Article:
Do not forget however, that there is a starting point and that this will be an infinite series. Now that some of the notational issues are out of the way we need to start thinking about various ways that we can manipulate series. We have the following properties. Yeah, it was just the multiplication of two polynomials. Each is a finite sum and so it makes the point. This is pretty much impossible since both series have an infinite set of terms in them, however the following formula can be used to determine the product of two series.

The next topic that we need to discuss in this section is that of index shift. The basic idea behind index shifts is to start a series at a different value for whatever the reason and yes, there are legitimate reasons for doing that. Performing an index shift is a fairly simple process to do.Jason Starr. Back to Top. Definition, using the sequence of partial sums and the sequence of partial absolute sums. Absolutely convergent and conditionally convergent series are defined, with examples of the harmonic and alternating harmonic series.

Definitions of sequences and series, with examples of harmonic, geometric, and exponential series as well as a definition of convergence.

## List of Series Tests

Examples of the uses of manipulating or rearranging the terms of an absolutely convergent series. Daniel J. David Jerison. Five questions which involve finding whether a series converges or diverges, finding the sum of a series, finding a rational expression for an infinite decimal, and finding the total distance traveled by a ball as it bounces up and down repeatedly.

Help Contact Us. Search Tips X Exclude words from your search Put - in front of a word you want to leave out. For example, jaguar speed -car Search for an exact match Put a word or phrase inside quotes. For example, "tallest building". Search within a range of numbers Put. Combine searches Put "OR" between each search query. For example, marathon OR race.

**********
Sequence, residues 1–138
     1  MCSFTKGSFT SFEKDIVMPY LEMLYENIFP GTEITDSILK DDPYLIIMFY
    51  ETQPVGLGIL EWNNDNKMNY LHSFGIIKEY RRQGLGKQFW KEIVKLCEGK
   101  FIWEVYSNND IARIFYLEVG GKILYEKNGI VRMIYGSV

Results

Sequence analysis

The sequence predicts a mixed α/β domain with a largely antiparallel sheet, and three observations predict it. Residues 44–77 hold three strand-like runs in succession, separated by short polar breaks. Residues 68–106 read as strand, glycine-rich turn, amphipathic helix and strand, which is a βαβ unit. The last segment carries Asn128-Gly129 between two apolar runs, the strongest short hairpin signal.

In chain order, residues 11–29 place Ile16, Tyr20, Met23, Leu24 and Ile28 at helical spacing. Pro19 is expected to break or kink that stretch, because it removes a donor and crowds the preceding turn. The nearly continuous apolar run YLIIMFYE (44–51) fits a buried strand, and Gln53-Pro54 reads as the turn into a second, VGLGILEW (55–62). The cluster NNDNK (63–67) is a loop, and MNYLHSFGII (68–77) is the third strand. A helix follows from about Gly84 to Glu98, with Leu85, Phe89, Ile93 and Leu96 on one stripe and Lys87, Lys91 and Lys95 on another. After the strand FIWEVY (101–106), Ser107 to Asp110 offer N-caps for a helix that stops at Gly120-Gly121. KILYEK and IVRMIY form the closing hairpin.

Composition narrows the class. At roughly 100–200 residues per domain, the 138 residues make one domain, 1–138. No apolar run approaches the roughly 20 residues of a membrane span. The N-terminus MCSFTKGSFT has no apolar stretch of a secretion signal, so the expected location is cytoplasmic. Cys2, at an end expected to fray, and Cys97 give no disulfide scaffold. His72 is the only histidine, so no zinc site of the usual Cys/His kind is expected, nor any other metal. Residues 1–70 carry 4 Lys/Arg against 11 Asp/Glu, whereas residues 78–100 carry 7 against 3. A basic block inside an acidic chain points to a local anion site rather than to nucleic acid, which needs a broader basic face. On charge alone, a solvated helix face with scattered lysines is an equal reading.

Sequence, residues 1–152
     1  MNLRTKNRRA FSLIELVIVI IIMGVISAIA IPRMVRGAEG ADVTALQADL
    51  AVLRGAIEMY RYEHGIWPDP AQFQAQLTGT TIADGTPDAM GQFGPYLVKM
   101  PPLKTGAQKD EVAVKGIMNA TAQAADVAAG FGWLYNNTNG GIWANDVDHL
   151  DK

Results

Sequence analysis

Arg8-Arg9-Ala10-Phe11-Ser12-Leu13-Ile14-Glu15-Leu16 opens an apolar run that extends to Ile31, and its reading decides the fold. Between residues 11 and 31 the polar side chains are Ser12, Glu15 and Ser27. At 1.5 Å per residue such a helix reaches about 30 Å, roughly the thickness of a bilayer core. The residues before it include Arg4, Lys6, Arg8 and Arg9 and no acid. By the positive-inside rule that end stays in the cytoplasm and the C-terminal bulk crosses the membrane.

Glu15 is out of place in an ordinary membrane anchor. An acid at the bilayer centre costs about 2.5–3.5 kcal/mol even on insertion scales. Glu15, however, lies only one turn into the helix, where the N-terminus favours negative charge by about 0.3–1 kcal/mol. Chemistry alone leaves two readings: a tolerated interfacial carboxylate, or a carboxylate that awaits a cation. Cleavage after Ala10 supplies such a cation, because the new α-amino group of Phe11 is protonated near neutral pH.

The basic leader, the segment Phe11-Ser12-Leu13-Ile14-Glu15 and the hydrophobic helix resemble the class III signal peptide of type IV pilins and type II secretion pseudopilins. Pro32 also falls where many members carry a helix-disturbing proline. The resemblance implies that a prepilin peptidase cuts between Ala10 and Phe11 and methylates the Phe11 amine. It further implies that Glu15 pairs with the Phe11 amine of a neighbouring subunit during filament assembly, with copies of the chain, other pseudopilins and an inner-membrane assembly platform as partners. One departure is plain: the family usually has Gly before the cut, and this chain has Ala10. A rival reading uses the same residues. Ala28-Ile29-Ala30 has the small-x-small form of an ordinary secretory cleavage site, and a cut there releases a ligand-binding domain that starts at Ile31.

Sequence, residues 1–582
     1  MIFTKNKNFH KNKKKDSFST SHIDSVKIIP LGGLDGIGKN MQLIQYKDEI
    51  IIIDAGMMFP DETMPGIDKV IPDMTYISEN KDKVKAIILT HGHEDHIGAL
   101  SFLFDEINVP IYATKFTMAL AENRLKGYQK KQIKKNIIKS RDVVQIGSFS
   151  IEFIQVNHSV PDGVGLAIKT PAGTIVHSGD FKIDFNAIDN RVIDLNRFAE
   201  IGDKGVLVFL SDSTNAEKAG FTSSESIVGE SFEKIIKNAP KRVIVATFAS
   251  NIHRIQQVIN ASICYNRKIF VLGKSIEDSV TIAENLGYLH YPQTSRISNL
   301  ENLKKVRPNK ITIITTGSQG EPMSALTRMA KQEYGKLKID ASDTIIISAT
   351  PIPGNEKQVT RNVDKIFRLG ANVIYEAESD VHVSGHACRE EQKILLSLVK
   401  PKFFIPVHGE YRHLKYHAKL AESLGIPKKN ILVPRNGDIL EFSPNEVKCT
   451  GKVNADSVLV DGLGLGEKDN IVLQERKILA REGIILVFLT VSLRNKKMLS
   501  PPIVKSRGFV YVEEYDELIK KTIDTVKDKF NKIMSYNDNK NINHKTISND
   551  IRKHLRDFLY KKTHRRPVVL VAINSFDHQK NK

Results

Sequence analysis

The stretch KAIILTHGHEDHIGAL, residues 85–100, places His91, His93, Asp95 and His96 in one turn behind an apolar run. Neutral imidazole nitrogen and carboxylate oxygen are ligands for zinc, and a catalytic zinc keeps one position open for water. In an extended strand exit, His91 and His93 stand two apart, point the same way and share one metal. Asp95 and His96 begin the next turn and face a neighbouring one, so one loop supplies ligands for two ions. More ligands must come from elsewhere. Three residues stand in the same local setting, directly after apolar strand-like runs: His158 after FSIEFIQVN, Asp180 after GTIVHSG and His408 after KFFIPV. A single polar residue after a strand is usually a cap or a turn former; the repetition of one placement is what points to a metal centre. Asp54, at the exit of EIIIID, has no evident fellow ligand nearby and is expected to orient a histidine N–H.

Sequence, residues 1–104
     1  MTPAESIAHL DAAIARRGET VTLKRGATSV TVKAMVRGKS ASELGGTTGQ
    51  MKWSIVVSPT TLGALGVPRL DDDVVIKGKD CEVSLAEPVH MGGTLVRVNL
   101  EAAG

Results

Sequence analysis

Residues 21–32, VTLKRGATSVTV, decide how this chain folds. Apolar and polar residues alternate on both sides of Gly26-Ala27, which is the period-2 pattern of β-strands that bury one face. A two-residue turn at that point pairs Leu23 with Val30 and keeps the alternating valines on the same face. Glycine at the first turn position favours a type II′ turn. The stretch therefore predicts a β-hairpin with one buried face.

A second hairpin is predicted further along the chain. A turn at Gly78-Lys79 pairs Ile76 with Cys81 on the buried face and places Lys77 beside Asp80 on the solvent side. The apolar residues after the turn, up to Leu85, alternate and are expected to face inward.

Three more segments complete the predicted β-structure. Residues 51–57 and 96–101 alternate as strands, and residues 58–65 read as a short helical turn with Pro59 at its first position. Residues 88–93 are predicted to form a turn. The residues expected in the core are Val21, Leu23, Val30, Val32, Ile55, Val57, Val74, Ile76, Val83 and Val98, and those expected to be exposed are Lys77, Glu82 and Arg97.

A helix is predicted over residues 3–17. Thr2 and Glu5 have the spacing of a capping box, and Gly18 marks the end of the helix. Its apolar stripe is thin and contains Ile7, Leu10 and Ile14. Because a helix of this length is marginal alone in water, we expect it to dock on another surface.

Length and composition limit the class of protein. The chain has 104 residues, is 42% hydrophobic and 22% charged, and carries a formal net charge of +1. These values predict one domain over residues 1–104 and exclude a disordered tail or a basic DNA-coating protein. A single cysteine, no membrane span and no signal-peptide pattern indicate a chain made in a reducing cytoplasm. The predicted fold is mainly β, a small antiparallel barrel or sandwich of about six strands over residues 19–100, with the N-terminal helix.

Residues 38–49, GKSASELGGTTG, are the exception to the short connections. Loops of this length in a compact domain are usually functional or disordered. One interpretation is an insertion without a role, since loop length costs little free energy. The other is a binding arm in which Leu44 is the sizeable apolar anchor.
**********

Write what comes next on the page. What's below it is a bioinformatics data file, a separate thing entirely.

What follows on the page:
Series, Convergence, Divergence. Select Sub-topic --select a subtopic-- Series, Convergence, Divergence. Sequences Definition, with examples of convergent and divergent sequences. Series Definition, using the sequence of partial sums and the sequence of partial absolute sums.

Introduction to Infinite Series Definitions of sequences and series, with examples of harmonic, geometric, and exponential series as well as a definition of convergence. Manipulating Absolutely Convergent Series Examples of the uses of manipulating or rearranging the terms of an absolutely convergent series.

Computing Series Partial Sums Steps for using a spreadsheet to compute the partial sums of a series. Infinite Series Complete exam problems 6C—1 to 6C—3 on page 41 Check solution to exam problems 6C—1 to 6C—3 on pages 94—6. Basic Definition of Infinite Series Five questions which involve finding whether a series converges or diverges, finding the sum of a series, finding a rational expression for an infinite decimal, and finding the total distance traveled by a ball as it bounces up and down repeatedly.Precalculus: Introduction to Sequences and Series.

Consider the natural numbers, a portion of which are shown below. This ordered group of numbers is an example of a sequence. More broadly, we can identify an arbitrary sequence using indexed variables:. The variables a i where i is the index are called terms of the sequence. Although this construct doesn't look much like a function, we can nevertheless define it as such: a sequence is a function with a domain consisting of the positive integers or the positive integers plus 0, if 0 is used as the first index value.

The range of this function is the values of all terms in the sequence. Coincidentally in the case of the natural numbers, the domain and range are identical assuming the first index value is an assumption that we will stick with here.

Also, we can reference the n th term of the sequence as just a n. Thus, for instance, given the sequence 1, 2, 3, 4, 5, 6, The sixth term, a 6is 6, for example. Consider the following example:. Practice Problem: Write the first five terms in the sequence. Solution: Remember that we are assuming the index n starts at 1. The terms are then. Series are similar to sequences, except they add terms instead of listing them as separate elements.